Another issue that I can recall was that when ethanol fuels were introduced into older models the alcohol tended to loosen sediment and other gunk inside the fuel systems often plugging fuel filters. This was a temporary problem and not all that common although it seemed to get a lot press anyway.

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I read an article that talked about the gas and ethanol separate when it sits for some time which in turn creates moisture. The moisture from this then causes havoc to the metal inside your engine causing rust. Please note I am mechanically incompetent and some of the that may be off. I will continue to spend the extra money on non-oxy gas if it may help prevent problems with my outboard.

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I use 87 octane with ethanol (E-15) in all of my stuff, and never had problems. This would be everything from snowmobiles, atv's, boat motors, lawn mowers, vehicles.

x2....although I put marine stabil in most of my gas on these things if they will sit for any period of time. I have started filling the boat with non-oxy (vs 87) when I put it away for the year......but I have never had problems when storing with 87.

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The question I have for non-oxy users, do you put SeaFoam in with your tanks or other stabilizers? if so, aren't you adding almost 100% alcohol anyways? Not a mechanical person either but I thought products like SeaFoam were almost 100% alcohol????

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Seafoam contains no alcohol. I don't find it necessary to add Seafoam to FRESH non-oxy gas, unless you have a dirty carb/injector system, of which a proper cleaning is the correct answer.Some of the other popular "Stabilizers" do. As bassnut 33 stated, the gas/ethanol will seperate. Yes, I am mechanically competent. Rebuilding engines since the 70's. In a nutshell: Ethanol WILL and DOES degrade rubber, plastic, nylon, and fiber gasket parts, although less so in the newer engines.

Alcohol is a drying solvent that will leach plasticisers out of the the material in contact with it, rendering them prone to brittleness and cracking. Adding certain products will help but not prevent the problems associated with ethanol. Read some of the API's TSB's and reports. Read the spring article in Popular Mechanics on gasoline and ethanol by some of the experts...excellent article. Explains in detail about ethanol/gasoline in a lenghty, technically excellent article. I've seen enough damage to engine components to be 100% convinced of the damage wrought by ethanol products. Have a pile of the damaged ones in my garage. My new 2010 pickup owners manual states not to use E-85, a higher concentrate ethanol garbage "gas", more than 60% of the time unless maintenance intervals are increased by FIFTY PERCENT. Go talk to a good small engine/marine mechanic..get their opinion. Check out the facts...there's a lot out there to read/see with fact-backed information. Just my 2c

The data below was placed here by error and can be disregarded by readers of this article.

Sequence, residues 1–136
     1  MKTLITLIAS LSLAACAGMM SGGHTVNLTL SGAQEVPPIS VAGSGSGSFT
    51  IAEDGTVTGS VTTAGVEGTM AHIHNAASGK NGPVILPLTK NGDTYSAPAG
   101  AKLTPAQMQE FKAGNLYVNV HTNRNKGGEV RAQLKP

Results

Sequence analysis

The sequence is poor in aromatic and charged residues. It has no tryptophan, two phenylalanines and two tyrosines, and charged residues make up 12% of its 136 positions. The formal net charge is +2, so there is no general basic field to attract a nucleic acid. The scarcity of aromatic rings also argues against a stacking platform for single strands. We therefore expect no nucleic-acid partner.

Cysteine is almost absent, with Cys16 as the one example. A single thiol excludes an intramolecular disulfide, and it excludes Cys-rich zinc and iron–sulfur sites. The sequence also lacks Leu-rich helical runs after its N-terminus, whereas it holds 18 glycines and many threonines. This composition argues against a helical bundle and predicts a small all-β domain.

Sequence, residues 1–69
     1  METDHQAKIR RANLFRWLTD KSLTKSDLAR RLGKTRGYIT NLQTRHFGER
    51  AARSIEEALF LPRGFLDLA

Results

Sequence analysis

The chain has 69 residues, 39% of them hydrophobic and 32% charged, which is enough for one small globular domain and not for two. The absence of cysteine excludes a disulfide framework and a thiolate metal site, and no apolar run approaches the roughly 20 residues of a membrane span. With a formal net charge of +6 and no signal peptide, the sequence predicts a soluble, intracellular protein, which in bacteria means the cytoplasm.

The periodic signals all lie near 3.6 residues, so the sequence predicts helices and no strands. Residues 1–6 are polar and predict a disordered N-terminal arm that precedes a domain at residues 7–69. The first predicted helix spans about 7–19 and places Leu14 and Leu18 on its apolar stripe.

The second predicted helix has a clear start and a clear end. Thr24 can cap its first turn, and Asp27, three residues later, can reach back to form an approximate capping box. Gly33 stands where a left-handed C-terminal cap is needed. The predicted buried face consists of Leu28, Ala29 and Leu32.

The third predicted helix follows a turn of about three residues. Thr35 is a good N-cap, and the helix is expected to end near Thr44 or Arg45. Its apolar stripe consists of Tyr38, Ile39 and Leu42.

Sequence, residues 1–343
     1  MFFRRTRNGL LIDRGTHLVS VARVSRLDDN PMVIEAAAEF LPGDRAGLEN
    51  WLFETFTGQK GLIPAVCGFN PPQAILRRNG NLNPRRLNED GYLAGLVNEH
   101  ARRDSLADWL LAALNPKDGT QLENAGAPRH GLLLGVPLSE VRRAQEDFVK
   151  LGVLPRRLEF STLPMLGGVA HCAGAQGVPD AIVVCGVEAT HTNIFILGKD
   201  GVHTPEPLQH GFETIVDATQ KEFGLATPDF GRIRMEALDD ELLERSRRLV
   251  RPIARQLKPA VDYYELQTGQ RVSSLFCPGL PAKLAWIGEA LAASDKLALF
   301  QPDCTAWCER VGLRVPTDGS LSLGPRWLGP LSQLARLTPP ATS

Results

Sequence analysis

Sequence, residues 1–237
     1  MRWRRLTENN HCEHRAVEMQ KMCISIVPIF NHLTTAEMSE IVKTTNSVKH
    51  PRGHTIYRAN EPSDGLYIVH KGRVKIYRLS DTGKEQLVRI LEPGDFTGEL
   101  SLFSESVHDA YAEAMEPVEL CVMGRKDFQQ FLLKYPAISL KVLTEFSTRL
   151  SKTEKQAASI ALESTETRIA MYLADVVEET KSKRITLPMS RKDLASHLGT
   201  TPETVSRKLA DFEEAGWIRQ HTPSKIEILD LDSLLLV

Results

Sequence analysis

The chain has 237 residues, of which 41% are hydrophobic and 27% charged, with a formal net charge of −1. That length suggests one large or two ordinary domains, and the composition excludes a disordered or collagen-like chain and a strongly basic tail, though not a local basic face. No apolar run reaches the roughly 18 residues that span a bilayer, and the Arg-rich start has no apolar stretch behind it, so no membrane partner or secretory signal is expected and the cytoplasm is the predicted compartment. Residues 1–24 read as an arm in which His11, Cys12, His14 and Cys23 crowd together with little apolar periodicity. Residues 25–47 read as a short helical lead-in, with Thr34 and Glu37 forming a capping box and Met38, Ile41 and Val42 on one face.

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Seafoam contains no alcohol. I don't find it necessary to add Seafoam to FRESH non-oxy gas, unless you have a dirty carb/injector system, of which a proper cleaning is the correct answer.Some of the other popular "Stabilizers" do. As bassnut 33 stated, the gas/ethanol will seperate. Yes, I am mechanically competent. Rebuilding engines since the 70's. In a nutshell: Ethanol WILL and DOES degrade rubber, plastic, nylon, and fiber gasket parts, although less so in the newer engines.

Alcohol is a drying solvent that will leach plasticisers out of the the material in contact with it, rendering them prone to brittleness and cracking. Adding certain products will help but not prevent the problems associated with ethanol. Read some of the API's TSB's and reports. Read the spring article in Popular Mechanics on gasoline and ethanol by some of the experts...excellent article. Explains in detail about ethanol/gasoline in a lenghty, technically excellent article. I've seen enough damage to engine components to be 100% convinced of the damage wrought by ethanol products. Have a pile of the damaged ones in my garage. My new 2010 pickup owners manual states not to use E-85, a higher concentrate ethanol garbage "gas", more than 60% of the time unless maintenance intervals are increased by FIFTY PERCENT. Go talk to a good small engine/marine mechanic..get their opinion. Check out the facts...there's a lot out there to read/see with fact-backed information. Just my 2c

Glad to see that I received the right info!

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I started putting in the premium after using regular for awhile, and now I never have shut downs when low idoling. The engine used to quit when I would be in low idol mode, but I think the premium helped that. But I am not a gear head, so I am just going with that hunch...

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10-20 % isoproply alcohol

per seafoam MSDS "IPA 125 10-20%"

Not very much though! Good info above! Not to side bar but even with non-oxy one must still "winterize" right? If most stabilizers use alcohol, doesn't that offset putting in non-oxy gas? What and how do you suggest you "winterize" your gas?

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so i got my quicksilver oil this am and while buying it i just mentioned my mechanic said not to use any gas with ethanol, store claimed it very difficult to find gas without ethanol so talked me into blue-ish stabill.

1. will this blue stabill be just fine for the 89 ocatane gas i just put in my gas can? and.....

2. does anyone know where u can buy gas without ethanol in it?

thx